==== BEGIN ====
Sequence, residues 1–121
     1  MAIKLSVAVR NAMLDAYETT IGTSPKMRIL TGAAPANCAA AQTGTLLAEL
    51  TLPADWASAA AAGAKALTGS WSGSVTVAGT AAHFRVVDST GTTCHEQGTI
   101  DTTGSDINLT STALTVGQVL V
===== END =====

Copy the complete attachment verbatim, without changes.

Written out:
Sequence, residues 1–121
     1  MAIKLSVAVR NAMLDAYETT IGTSPKMRIL TGAAPANCAA AQTGTLLAEL
    51  TLPADWASAA AAGAKALTGS WSGSVTVAGT AAHFRVVDST GTTCHEQGTI
   101  DTTGSDINLT STALTVGQVL V